Any non-boxed non-shrinkwrap copy of Strife on Amazon is illegal. You are being sold pirate goods, just as much as walking up to a street vendor in some eastern European country to buy knock-off DVDs would be.

This is especially the case if any of the aforementioned products are packaging Chocolate Strife with the IWAD. None of these people are in compliance with the GPL and are stealing my work. Please do not support them.

Strife IS abandonware in every legitimate sense that word has, because all of the companies which held ownership rights to it no longer exist. This is a status under copyright law known as an "orphan work". Due to lobbying by record companies and ASCAP, however, such works continue to be protected to the fullest extent by copyright law. There's no one to press charges against you in a civil copyright suit if you illegally copy it, but a capricious federal prosecutor COULD still file criminal charges against you if you leave evidence of your having done so laying around.

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I have never minded Doom's maze-like level design. Also I should give STRIFE a playthrough sometime, looks fun.

Now boring maze-like obscure/mass switch hunts on the other hand....

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Quasar said:

Any non-boxed non-shrinkwrap copy of Strife on Amazon is illegal.


Huh, so just buying the jewel case and the CD, or just the plain CD (As many lose the original packaging) is in fact illegal? Huh, bought Chasm: The Rift like that, as the guy lost all the packaging. Huh, so illegal. ;P

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Maze like level design is a major hurdle for level design in these kinds of games. On one hand the maze like nature provides people with a break from combat.

In modern post Half Life games we are now expected to provide straight forward level design and inject breaks from combat as part of the normal flow.

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Sodaholic said:

I don't think it's fair to say that. Just because something an officially and legally recognized doesn't mean that it isn't an extant classification of software. To consumers, collectors and historians, abandonware at the very least means a game is no longer commercially sold or supported in any way by its rights-holders. Bonus points if it's for what is considered a long time, and extra bonus points if the rights-holders don't even exist anymore.

Regardless of what anyone's personal opinions are on the ethical means of acquiring it, Srtife is undeniably abandonware in every sense of the word. Just because you want to be orthodox and stay on the safe side of present-day copyright law doesn't diminish the term's definitional validity or its practical implications.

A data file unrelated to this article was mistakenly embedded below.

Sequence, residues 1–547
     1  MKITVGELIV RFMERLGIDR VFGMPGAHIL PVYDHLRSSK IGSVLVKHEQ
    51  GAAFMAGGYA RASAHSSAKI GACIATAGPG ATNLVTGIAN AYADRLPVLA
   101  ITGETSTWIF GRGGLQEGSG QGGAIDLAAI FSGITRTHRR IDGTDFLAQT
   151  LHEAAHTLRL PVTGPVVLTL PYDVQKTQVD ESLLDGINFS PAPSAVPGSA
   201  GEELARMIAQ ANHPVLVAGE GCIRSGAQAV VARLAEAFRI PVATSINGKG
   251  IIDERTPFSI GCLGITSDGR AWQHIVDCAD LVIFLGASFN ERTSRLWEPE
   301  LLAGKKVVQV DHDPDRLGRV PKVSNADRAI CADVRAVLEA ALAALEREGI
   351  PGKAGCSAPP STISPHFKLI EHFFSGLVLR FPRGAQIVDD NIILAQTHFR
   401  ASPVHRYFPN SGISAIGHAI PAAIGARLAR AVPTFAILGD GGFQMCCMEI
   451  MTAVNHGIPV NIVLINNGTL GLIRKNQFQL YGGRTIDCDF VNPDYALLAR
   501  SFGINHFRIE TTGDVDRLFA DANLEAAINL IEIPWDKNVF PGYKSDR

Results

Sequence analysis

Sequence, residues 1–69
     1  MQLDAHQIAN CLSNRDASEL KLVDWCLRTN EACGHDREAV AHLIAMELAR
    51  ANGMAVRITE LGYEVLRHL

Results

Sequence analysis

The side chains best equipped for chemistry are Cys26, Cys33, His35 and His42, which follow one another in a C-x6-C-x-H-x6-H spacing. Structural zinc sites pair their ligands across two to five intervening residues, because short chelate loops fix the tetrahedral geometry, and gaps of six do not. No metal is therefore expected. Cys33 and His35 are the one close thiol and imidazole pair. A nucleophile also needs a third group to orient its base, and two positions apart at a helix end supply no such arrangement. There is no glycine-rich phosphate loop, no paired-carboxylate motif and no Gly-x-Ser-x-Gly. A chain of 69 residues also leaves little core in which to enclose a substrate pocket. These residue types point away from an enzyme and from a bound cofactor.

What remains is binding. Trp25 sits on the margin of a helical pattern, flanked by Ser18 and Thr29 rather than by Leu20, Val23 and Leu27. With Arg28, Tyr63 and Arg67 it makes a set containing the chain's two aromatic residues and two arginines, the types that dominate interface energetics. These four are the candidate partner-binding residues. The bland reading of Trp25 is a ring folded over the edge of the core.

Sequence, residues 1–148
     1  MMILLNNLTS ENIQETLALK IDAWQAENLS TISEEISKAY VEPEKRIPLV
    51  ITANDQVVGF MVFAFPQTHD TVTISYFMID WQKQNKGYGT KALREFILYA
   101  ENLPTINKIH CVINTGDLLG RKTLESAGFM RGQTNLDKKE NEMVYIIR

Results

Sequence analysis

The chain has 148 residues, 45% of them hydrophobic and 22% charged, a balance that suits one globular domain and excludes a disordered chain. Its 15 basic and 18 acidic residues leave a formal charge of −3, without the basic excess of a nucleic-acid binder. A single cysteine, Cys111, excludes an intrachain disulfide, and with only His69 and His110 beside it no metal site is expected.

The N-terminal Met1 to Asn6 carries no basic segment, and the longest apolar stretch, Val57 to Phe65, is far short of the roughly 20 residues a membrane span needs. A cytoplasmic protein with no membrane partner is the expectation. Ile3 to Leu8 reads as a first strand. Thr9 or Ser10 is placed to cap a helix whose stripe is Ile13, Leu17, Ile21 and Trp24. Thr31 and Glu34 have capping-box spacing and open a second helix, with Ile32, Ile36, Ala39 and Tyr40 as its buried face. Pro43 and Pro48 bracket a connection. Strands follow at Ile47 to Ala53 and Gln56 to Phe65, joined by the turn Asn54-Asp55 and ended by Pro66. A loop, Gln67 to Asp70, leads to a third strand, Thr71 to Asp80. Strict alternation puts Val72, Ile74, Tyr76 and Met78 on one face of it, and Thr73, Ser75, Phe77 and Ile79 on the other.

Heh, even the game's own characters recognize the convoluted nature of the sewers map. "That brick! Didn't we pass that brick? Oh, nevermind..."


I guess the term abandonware as invented on the internet does apply, but it still doesnt have any legal meaning. It would be more appropiate to call it an "orphaned work". That is, until somebody claims it. Then it becomes copyrighted commercial work again.

I dont remember how i got through the sewers. I think i probably used noclip. :D

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Quasar said:

Any non-boxed non-shrinkwrap copy of Strife on Amazon is illegal. You are being sold pirate goods, just as much as walking up to a street vendor in some eastern European country to buy knock-off DVDs would be.

This is especially the case if any of the aforementioned products are packaging Chocolate Strife with the IWAD. None of these people are in compliance with the GPL and are stealing my work. Please do not support them.

Strife IS abandonware in every legitimate sense that word has, because all of the companies which held ownership rights to it no longer exist. This is a status under copyright law known as an "orphan work". Due to lobbying by record companies and ASCAP, however, such works continue to be protected to the fullest extent by copyright law. There's no one to press charges against you in a civil copyright suit if you illegally copy it, but a capricious federal prosecutor COULD still file criminal charges against you if you leave evidence of your having done so laying around.


"Orphaned work" is more accurate, since abandonware doesnt mean anything. There isnt any legal definition of abandonware, and the term wouldnt be recognized in a court of law. Maybe there should be a Doomworld community-backed move that pushes to make Strife recognized as a freeware or public domain title, ending its dubious copyright status.

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TheCastle said:

Maze like level design is a major hurdle for level design in these kinds of games. On one hand the maze like nature provides people with a break from combat.

In modern post Half Life games we are now expected to provide straight forward level design and inject breaks from combat as part of the normal flow.


I have a design challenge for you. Make an fps game with no height variation in its levels, like Wolf3d, not tedious to navigate through. How would you do it?

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Clonehunter said:

Huh, so just buying the jewel case and the CD, or just the plain CD (As many lose the original packaging) is in fact illegal? Huh, bought Chasm: The Rift like that, as the guy lost all the packaging. Huh, so illegal. ;P


I got my copy of Strife in a jewel case and CD with manual, wasnt aware it had a box. :D

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TheCastle said:

In modern post Half Life games we are now expected to provide straight forward level design and inject breaks from combat as part of the normal flow.

Which is a little ironic, considering Half-Life's level design is anything but straight forward. The base Valve maps are still held in the highest regard by the HL mapping community.

doomgargoyle said: